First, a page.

Algeria continues to struggle to forge ties in a changing world

When President Abdelmadjid Tebboune came to power in Algeria three years ago, his administration sought to rehabilitate a crippled foreign policy. He has erred on the side of caution with a strategy that seeks to balance regional and international factors while diversifying its list of international partners in pursuit of somewhat balanced, slightly nuanced external relations.

This is an encouraging first step after a lost decade, during which Algiers’ regional and, arguably, continental heft diminished considerably.

To the rest of the world, however, this “new” diplomacy remains overshadowed by the Cold War-esque mentality of an aged and ailing military shadow regime that is responsible for the North African country’s diplomatic and political isolation.

Next month, Algeria will seek to reclaim its regional preeminence when it hosts the Arab League summit — but the timing could not be worse. The dispute over the Western Sahara has only intensified in the past two years, while an ongoing intra-Arab tug of war over Syria’s return to the Arab League, which Algiers supports, will cast a long shadow over the entire summit.

In addition, Algeria’s role in Libya is causing brows to furrow in Tunis and Cairo, while security ties between Algiers and Moscow have long been a sore point for Washington.

If Algeria is indeed intent on building or participating in the kind of sophisticated multilateral partnerships now typical in our disordered world, the country has arrived at a pivotal moment. One wrong step forward or backward and Algiers might never recover its once-cherished diplomatic and political heft.

Needless to say, this is an era of near-constant seismic shifts, not least because of the ramifications of the war in Ukraine, runaway climate change and intensifying competition in a multipolar world. Therefore, a penchant for looking to the past to discern navigable paths through today’s challenging geopolitical contexts is an exercise in futility and recklessness.

After all, squandering oil and gas wealth to buy favors and votes in international forums might have “worked” in a different time and setting, but such a practice is now an archaic remnant of a Cold War past, especially when most developing countries are more receptive to win-win partnerships and not meager charity that comes with strings attached, or perfunctory overtures that are ultimately meaningless.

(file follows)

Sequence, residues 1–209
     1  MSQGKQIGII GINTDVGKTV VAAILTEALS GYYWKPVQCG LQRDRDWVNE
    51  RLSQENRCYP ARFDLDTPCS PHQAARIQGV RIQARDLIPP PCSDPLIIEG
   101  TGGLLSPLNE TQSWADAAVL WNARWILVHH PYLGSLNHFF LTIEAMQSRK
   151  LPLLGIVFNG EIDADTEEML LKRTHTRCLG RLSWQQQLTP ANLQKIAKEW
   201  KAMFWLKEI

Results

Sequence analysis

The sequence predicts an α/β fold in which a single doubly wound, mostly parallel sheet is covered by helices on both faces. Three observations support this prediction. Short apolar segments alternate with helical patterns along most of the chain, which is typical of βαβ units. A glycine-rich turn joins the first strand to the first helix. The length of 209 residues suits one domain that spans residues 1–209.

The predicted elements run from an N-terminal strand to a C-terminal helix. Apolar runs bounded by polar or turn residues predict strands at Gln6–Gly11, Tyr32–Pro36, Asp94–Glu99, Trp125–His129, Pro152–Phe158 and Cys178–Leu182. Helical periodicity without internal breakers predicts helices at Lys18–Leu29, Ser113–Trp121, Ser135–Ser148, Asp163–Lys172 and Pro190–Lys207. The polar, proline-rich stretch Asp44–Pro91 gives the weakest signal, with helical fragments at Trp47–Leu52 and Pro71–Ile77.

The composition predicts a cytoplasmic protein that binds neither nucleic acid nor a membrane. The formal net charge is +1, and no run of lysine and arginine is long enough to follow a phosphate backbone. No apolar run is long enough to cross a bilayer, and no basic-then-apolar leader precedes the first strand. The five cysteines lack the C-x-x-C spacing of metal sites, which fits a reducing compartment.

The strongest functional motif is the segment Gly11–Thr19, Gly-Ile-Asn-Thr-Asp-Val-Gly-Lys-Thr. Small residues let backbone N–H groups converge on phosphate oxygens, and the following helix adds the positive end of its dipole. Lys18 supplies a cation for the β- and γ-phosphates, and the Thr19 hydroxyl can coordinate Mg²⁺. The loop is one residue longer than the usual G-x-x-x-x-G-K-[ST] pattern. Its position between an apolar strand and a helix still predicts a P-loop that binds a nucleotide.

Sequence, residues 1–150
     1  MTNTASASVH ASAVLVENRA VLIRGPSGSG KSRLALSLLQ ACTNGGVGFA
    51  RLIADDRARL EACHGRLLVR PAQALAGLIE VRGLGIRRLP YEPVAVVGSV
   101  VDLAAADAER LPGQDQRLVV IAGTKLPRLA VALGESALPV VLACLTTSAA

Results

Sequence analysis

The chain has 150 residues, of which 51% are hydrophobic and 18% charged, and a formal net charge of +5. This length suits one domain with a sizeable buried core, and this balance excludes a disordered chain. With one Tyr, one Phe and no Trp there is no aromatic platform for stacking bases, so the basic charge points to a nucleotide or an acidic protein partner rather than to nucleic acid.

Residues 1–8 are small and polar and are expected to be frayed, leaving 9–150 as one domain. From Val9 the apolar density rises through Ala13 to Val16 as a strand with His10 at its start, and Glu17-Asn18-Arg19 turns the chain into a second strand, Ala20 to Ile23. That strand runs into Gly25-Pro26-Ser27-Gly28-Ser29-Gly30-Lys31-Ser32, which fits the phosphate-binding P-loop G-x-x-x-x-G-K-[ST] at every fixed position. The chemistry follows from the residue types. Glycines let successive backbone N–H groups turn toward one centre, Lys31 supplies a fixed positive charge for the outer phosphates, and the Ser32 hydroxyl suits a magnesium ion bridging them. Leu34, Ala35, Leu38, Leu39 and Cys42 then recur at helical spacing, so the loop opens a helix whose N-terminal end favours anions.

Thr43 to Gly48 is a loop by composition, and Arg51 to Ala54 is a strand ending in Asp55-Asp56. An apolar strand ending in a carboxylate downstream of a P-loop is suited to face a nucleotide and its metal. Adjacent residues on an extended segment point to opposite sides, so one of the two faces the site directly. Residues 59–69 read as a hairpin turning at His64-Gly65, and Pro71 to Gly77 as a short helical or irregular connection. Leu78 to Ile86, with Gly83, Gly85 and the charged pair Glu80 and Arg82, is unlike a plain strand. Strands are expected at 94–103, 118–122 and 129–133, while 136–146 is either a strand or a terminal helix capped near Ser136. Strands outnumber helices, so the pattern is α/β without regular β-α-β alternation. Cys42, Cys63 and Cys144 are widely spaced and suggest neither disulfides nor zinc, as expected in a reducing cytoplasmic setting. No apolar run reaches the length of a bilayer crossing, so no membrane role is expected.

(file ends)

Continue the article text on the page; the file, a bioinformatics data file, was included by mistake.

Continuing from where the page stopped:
The stakes could not be higher but Algiers is no stranger to this type of cautious maneuvering if one looks back a few decades. Historically, as a pillar of the nonaligned movement and bastion of mid-century anticolonialism, Algeria has never been equivocally pro-West nor exclusively pro-East, despite a preference for a kind of subjective neutrality that curiously brought it closer to the then-crumbling communist bloc.

The outbreak of a bloody civil war naturally resulted in Algeria turning inward during the 1990s, but even then the country preferred to maintain an assiduous balancing act and not fall into any single orbit or alignment despite the seemingly inescapable allure of the West in a post-Soviet unipolar global order.

Algiers’ new-found prominence on the world stage might have caught its leaders by surprise.

Hafed Al-Ghwell

As a result, the two decades following the end of the civil war presented fresh opportunities for Algeria to capitalize on its ties to the West, Russia, China and the developing world, in addition to its proximity to Europe, its centrality in North Africa, its vast energy resources and its significant military prowess.

The last of these, for instance, proved formidable during counterterrorism and counterinsurgency operations against Al-Qaeda in the Islamic Maghreb and, later, Daesh — efforts that mostly benefited the West. In return, Algeria benefited from lucrative trade opportunities, more than $4 billion in financial aid and development assistance, and military training, to give just a few examples.